Our History

The Baptist Movement 

Baptist Believers emerged from the ‘State’ church (Church of England) in the 17th Century because they believed that Christ, and not the reigning Monarch, was the Head of the Church.  They held to 3 core beliefs that have gone on to shape Baptist Churches today: 

1. The Bible (not church tradition or religious creed) is the guide in all matters of faith and doctrine.

2. The church should be made up of believers only – not all people born into a local parish.

3. The church should be governed by believers (“Priesthood of all Believers”), not by hierarchical figures like bishops. 

The term “Baptist” was given by opponents to this new movement because of their practice of baptizing people by full immersion in water.  It wasn’t until the 19th Century that Baptists accepted the use of the label to describe themselves. 

Baptists became known as “non-conformists” or “dissenters” as they attempted to get back to a more Gospel-centered faith that focused on an individual’s need for personal salvation by grace through faith rather than being born into a “Christian State”.  Throughout the 17th Century these pioneer Believers were persecuted for their beliefs, but they persisted and saw churches begin to grow.  In 1792 a small group of Baptist church leaders formed the first Evangelical foreign mission organization – The Baptist Missionary Society – and sent William Carey, their first missionary, to India the following year.  The BMS continues today under the name “BMS World Mission.”  The 19th Century saw significant growth among Baptist churches in the UK as great preachers like Charles Haddon Spurgeon drew crowds in their thousands.  Women were ordained in the Baptist church almost 100 years before the Church of England ordained women priest in 1994.  Today, more than 100 million Christians worldwide would identify themselves as belonging to Baptist-style churches. 

Sunday School Tent Mission, Kingfield 1929

New Life Church at Kingfield 

Baptist witness in Woking began in 1879 with a small group meeting in a home in Goldsworth Road, as a “Branch Mission Station” from Addlestone Baptist Church.   This eventually became Woking Baptist Church.    

In 1929 Woking Baptist Church (now Welcome Church) planted a Sunday School tent mission which soon attracted adults.  In 1930 a chapel was built (and still forms the main worship area of our present building).

In 1956 Kingfield Baptist Church was formally established as an independent Baptist Church with 91 Foundation Members.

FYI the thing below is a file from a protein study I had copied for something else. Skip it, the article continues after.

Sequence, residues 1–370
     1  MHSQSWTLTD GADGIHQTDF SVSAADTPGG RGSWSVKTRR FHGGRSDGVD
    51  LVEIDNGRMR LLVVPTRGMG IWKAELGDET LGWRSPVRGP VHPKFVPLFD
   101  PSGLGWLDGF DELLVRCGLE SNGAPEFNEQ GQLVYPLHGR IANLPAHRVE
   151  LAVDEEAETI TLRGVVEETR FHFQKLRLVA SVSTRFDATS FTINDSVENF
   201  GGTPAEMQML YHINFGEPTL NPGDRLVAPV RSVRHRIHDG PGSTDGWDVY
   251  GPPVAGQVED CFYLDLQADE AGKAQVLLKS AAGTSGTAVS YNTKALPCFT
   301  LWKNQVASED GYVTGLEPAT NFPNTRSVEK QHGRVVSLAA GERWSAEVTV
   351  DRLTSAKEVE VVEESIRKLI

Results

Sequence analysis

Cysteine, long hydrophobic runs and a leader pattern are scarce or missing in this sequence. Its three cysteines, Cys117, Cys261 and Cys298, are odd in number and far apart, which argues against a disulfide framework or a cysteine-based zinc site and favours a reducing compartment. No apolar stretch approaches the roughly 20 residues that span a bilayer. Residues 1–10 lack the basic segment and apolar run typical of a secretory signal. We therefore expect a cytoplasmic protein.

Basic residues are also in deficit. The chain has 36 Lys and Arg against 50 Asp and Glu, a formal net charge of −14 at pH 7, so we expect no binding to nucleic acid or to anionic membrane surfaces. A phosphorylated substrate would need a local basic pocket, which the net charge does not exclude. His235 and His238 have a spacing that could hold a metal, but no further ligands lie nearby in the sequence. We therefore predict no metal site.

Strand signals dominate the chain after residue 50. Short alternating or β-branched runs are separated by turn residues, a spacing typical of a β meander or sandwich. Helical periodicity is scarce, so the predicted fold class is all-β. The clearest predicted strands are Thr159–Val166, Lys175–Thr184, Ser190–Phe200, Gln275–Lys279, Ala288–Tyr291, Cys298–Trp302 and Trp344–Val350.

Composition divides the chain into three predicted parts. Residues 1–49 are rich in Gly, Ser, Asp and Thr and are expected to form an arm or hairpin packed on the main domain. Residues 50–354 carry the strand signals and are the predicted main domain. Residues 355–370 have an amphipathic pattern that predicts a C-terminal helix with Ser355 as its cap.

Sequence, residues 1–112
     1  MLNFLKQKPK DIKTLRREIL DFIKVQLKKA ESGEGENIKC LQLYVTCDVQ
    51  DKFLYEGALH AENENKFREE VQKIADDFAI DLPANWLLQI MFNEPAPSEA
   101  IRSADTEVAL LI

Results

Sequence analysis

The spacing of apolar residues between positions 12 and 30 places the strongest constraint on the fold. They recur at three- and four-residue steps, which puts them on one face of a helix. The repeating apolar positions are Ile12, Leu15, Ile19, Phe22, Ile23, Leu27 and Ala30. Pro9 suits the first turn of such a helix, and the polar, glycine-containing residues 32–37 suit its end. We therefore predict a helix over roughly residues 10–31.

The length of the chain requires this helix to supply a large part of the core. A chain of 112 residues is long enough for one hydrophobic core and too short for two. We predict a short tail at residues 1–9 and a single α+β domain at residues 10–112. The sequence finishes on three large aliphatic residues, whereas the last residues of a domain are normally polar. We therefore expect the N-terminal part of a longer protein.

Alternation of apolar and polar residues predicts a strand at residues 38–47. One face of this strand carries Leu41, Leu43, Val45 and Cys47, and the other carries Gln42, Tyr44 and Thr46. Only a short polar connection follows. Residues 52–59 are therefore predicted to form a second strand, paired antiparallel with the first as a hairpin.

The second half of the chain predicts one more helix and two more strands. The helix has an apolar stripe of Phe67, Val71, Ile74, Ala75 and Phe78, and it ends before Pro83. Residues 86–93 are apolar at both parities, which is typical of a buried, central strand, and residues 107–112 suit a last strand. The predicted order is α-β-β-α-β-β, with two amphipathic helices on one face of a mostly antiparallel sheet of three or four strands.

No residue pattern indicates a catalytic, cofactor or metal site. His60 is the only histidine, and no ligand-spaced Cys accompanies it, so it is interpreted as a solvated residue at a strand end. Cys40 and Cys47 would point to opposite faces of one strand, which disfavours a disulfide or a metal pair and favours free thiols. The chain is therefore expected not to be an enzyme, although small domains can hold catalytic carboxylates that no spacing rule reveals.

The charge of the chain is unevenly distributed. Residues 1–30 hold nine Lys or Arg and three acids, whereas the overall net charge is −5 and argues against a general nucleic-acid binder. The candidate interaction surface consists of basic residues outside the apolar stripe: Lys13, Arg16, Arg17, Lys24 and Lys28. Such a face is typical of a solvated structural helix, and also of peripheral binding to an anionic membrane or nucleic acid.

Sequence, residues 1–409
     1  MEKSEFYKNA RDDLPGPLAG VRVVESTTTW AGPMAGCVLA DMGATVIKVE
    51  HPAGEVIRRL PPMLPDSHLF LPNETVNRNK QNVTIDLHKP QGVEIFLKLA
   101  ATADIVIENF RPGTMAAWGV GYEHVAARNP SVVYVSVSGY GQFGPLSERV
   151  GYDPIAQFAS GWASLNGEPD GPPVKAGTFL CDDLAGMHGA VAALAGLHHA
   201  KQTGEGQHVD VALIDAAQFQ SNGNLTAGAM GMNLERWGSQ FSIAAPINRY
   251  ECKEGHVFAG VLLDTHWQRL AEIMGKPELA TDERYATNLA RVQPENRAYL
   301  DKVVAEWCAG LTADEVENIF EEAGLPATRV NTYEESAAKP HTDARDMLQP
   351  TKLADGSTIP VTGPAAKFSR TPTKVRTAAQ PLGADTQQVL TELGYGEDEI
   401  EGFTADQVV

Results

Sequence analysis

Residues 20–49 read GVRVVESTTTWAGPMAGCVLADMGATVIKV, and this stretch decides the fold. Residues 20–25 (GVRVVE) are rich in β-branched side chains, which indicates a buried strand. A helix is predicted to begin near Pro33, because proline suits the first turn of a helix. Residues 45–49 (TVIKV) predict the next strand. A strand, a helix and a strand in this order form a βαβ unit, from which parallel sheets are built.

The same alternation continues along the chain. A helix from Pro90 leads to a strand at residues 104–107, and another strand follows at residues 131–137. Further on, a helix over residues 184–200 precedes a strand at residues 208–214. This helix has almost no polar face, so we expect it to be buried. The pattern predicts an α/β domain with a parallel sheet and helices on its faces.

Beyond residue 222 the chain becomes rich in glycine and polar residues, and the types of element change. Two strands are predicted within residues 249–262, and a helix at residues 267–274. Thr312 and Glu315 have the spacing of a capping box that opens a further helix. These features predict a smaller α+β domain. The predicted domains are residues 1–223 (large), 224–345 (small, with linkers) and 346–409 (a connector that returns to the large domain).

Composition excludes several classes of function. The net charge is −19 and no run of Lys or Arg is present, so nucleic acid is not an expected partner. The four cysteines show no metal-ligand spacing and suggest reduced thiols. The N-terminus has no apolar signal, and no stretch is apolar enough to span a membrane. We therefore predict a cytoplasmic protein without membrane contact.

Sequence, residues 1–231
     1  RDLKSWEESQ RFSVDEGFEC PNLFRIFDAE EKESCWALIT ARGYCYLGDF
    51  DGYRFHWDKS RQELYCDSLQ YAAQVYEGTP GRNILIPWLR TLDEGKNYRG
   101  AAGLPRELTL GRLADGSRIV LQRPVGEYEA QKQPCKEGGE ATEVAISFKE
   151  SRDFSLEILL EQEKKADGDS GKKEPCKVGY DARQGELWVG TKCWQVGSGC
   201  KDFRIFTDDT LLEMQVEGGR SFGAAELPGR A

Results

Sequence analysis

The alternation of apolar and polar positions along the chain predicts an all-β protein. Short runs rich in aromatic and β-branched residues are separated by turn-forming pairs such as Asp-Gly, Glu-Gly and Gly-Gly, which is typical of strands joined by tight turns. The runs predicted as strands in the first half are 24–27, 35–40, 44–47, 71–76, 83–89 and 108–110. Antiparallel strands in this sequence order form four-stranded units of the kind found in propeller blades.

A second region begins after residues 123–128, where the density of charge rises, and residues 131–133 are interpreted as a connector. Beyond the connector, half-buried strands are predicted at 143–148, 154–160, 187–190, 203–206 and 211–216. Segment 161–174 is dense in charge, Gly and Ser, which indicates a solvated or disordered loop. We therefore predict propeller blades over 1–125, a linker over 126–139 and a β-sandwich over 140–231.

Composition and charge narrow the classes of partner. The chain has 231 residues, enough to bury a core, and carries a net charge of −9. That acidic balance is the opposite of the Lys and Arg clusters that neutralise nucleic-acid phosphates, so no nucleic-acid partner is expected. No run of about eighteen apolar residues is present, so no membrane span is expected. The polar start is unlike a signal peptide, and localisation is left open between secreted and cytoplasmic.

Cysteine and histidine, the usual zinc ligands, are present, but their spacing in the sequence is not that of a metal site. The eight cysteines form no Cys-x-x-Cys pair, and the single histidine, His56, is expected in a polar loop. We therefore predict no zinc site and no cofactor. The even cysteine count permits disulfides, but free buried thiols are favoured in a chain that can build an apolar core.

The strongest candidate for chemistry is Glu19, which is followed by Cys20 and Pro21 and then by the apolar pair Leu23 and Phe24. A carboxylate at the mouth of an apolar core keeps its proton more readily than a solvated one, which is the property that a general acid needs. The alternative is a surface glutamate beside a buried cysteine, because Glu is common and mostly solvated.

In 1986, following a difficult period in the life of Kingfield Baptist with only 12 remaining church members, it merged with another group called New Life Church that had come out of a local Anglican church a few years previously.  The 2 churches merged, taking on the premises of Kingfield Baptist (our current premises) and the name of New Life Church.  Since then, there have continued to be ups and downs in the life of the church with periods of significant growth and painful divisions.   

In 2008 the Church’s 10th and longest serving Pastor, Andrew Kane, retired and – following a long and painful “interregnum” – our present Pastor, Alan Nelson, was appointed in January 2012.  

Every new Pastoral appointment brings with it new challenges and opportunities.  One of the experiences Alan Nelson, with his wife, Karen, brought to New Life was the healing of hurtful histories in church life.  With God’s guidance and the support of the Elders and other leaders, Alan & Karen led the church through a prayerful process of identifying areas requiring healing and uncovering the original God-given building blocks of the church – our “Foundational DNA”.  This process, and the confession and forgiveness of past hurts and mistakes, enabled us to celebrate all the good in the past, while working to bring healing for the pains and reconciliation. 

Re-centered and re-invigorated, we have since made significant and positive progression pursuing our vision and call to mission.  

In November 2013, as a response to emerging needs, the church set up South Woking Community Foodbank that has made an impact on the lives of many families over the years.  The Foodbank continues today with a committed team of volunteers who collate the weekly client list, shop, pack and deliver to families who have been referred by schools, social services, etc.  An average food parcel contains over 75 items and costs in excess of £50.  We are currently delivering up to 10 parcels a week.  We are grateful to individual church members who donate money and food items, but we have also received significant funding from local government and charitable funding.  In addition, we provide special Christmas Hampers which also include gifts for children.

In 2014, following research into local needs, we made provision for a local independent Christian Pre-School to operate from our premises.  This is highly respected in the community and has consistently received the highest “Outstanding” report from OFSTED.

In 2018 New Life Church changed its legal status and became a Charitable Incorporated Organisation. 

Following the Covid-19 Pandemic when churches were closed, we have struggled to bring everyone back into church life and regular worship.  From April 2020 to June 2021 we live-streamed our Sunday services online.  Like many churches world-wide, we found some folk were excited to return to live worship while others had become accustomed to not meeting.  This has had a significant impact on children, youth and families and we are striving to recover and rebuild.